The Harbinger Online

Adventures in Athletics

By and

Challenged by The Harbinger staff to try two unfamiliar sports, we, Anna and Jemima, attempted cheering and wrestling for the first time. We are self-proclaimed newbies when it comes to these sports, but instead of shying away we plucked up the courage and decided to give in to the peppiness and glorified playground scrapping. Though we both play sports, neither of us were quite ready for the bruises, sweat and risk of mat herpes.

Our first sport to try was cheer. We walked into the cafeteria for the JV/Freshmen practice naively thinking, “Cheerleading can’t be too hard. All they do is jump and yell, right?”

Wrong.

During the warm up, the leader of the stretches casually told the team to do the right, left and middle splits as if we were the super-stretchy Elastigirl from The Incredibles.” We were left glancing at each other, suddenly realizing what we’d gotten ourselves into.

But it’s not just the intense stretches that were hard; their simple stances are near impossible. We learned several arm positions, including the ‘high V’, in which we somehow had to have our thumbs facing out, our arms tilted forward at a 45 degree angle, our shoulders clenched back and our arms straight – all while maintaining a smile that hid the pain. We struggled a lot with this supposedly ‘basic’ move.

Ms. Gaunce, the head cheer coach, took us aside to learn chants along with motions. One of the chants we learned was Blue Black. It may have taken us around 14 tries, but we eventually got it.

At the end of practice, the freshmen ran over their stunts, and they trusted us (for some unknown reason) to join in. We lifted up a freshman flyer and were surprisingly good at getting her in the air, but the struggle came with the dismount. Turns out it’s harder than it looks to throw a person in the air and catch them.

It is safe to say that cheer was not our forté. We had a lot of fun but with the serious lack of flexibility and basic coordination, neither of us came out feeling like we had found a new talent. We decided that maybe wrestling was more our style.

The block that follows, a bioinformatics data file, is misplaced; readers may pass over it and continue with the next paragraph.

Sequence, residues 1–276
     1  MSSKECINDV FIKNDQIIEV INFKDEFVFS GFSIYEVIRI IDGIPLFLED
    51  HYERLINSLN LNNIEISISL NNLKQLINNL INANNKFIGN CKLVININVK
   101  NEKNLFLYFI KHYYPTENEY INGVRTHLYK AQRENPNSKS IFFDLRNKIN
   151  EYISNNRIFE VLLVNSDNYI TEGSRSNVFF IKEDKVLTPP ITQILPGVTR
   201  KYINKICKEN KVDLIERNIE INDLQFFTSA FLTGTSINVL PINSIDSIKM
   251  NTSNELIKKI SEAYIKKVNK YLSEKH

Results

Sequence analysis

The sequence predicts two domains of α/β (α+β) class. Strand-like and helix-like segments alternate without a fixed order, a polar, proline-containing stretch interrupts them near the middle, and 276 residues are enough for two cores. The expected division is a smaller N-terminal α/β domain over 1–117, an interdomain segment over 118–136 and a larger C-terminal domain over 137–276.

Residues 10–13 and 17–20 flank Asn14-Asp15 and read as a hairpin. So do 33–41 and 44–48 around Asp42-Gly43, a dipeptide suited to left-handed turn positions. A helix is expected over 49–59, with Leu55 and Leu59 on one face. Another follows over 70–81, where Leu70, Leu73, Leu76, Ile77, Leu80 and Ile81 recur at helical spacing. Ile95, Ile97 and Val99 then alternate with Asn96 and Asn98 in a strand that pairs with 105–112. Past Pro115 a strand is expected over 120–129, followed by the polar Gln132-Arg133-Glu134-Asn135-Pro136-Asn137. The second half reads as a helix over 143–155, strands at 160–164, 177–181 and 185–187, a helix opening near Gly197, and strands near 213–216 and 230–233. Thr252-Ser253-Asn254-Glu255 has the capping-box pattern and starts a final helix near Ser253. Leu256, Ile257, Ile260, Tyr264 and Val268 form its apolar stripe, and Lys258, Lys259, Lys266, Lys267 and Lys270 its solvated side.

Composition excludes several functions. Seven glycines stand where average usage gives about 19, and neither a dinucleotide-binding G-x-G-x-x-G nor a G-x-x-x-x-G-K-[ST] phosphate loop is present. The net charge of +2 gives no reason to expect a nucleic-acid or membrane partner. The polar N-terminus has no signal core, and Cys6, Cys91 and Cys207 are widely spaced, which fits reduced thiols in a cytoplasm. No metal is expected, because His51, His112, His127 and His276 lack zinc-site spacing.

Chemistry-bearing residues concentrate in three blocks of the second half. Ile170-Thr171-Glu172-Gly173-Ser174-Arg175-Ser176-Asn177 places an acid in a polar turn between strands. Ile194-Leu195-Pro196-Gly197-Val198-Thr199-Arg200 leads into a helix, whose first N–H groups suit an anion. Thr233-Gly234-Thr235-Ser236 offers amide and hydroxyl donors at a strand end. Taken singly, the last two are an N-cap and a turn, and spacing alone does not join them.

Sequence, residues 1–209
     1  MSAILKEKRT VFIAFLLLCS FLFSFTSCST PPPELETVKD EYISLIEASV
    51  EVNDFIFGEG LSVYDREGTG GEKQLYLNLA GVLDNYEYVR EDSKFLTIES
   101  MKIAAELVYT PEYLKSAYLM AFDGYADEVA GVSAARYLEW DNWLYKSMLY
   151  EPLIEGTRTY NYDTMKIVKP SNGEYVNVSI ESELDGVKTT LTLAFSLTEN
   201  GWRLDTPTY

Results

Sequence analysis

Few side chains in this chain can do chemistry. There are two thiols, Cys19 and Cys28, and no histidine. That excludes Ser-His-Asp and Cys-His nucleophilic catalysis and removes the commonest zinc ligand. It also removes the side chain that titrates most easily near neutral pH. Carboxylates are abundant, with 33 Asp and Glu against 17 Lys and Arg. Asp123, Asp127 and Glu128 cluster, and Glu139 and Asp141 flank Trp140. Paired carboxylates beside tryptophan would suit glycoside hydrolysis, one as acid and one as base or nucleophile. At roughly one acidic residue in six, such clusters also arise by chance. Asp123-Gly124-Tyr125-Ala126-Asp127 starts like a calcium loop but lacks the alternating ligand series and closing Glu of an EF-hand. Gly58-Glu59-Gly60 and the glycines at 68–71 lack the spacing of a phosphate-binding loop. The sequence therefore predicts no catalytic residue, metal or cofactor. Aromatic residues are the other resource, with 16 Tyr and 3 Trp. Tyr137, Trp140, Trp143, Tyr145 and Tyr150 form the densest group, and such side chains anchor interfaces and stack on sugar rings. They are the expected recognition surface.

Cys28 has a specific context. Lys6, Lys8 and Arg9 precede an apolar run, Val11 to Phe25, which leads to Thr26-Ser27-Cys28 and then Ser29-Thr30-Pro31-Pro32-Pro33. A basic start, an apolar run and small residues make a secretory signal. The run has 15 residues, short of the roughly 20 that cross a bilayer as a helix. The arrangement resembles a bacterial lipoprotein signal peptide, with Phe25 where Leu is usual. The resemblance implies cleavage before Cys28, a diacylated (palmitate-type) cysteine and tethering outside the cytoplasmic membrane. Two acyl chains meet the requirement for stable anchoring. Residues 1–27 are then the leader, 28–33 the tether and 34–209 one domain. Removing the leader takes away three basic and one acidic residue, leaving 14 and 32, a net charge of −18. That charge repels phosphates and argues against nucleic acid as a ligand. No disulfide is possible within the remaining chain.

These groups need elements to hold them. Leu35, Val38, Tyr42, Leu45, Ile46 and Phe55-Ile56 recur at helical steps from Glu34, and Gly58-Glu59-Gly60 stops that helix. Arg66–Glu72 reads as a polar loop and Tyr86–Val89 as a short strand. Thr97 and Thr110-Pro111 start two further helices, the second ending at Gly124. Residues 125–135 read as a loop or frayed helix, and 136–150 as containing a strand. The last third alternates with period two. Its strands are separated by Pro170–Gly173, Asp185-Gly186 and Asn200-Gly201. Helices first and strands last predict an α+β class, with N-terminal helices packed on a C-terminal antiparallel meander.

At 6:45 a.m. on a weekend, when we should have been sleeping in, we were instead walking into school, anxious and unprepared for what lay ahead of us at wrestling practice.

Varsity wrestling coach Lucas Baker told us that because the team is at the end of an intense season, we could sit out when anything felt too difficult. We then made a pact with ourselves to at least try whatever they threw at us, no matter how terrible it was.

And some of it was pretty terrible.

We thought it was ironic that the wrestling team does more tumbling than the cheerleaders – cartwheels, forward rolls, round-offs and various handsprings. The stretches were the most terrifying, though.

One in particular was a bridge where you put your head on the ground and bend your neck as far as it will go before it snaps, then rotate your body around your head. They call it ‘nexorcism.’ It looked brutal and felt brutal and supposedly strengthened your neck – but we were skeptical about this.

Later, Coach Baker instructed freshman Billy Ruttan and senior Mike Bamford to work on some basic moves with us. We tried to do everything they told us; however half our mind was focusing on not crushing Ruttan. It was also hard to keep a straight face when our heads were on his butt, and we knew we were being photographed.

When the boys started wrestling each other, we continued working on the basic moves we had tried earlier. Once we were at the point where we could complete a move, we tried live wrestling – though I, Anna, thought I won, technically neither of us succeeded in taking the other down.

To finish the practice with a bang, we were all lined up along the wall and put into teams. Friday was game day – the best part of the wrestling week, according to the team. The teams were shirts vs. skins (we were shirts), and the game was basically rugby on your knees. We found ourselves being goalies, but honestly we were so terrified by the 30 shirtless wrestlers charging at us that we didn’t do a great job. However, the final score ended up being a not-so-shameful 4-3 loss, which we were both very surprised by.

After practice, some of the team mentioned that they were in need of a varsity 120 lb wrestler and wanted to know if we were interested. Yeah, it was probably a joke, but we were secretly flattered they would’ve even joked about one of us as a varsity wrestler.

We can safely say that both trainings were harder than we had expected. Neither of us found that cheer was our calling but who knows – maybe next year the wrestling team will have a new member.

 

Photos by: Morgan Browning

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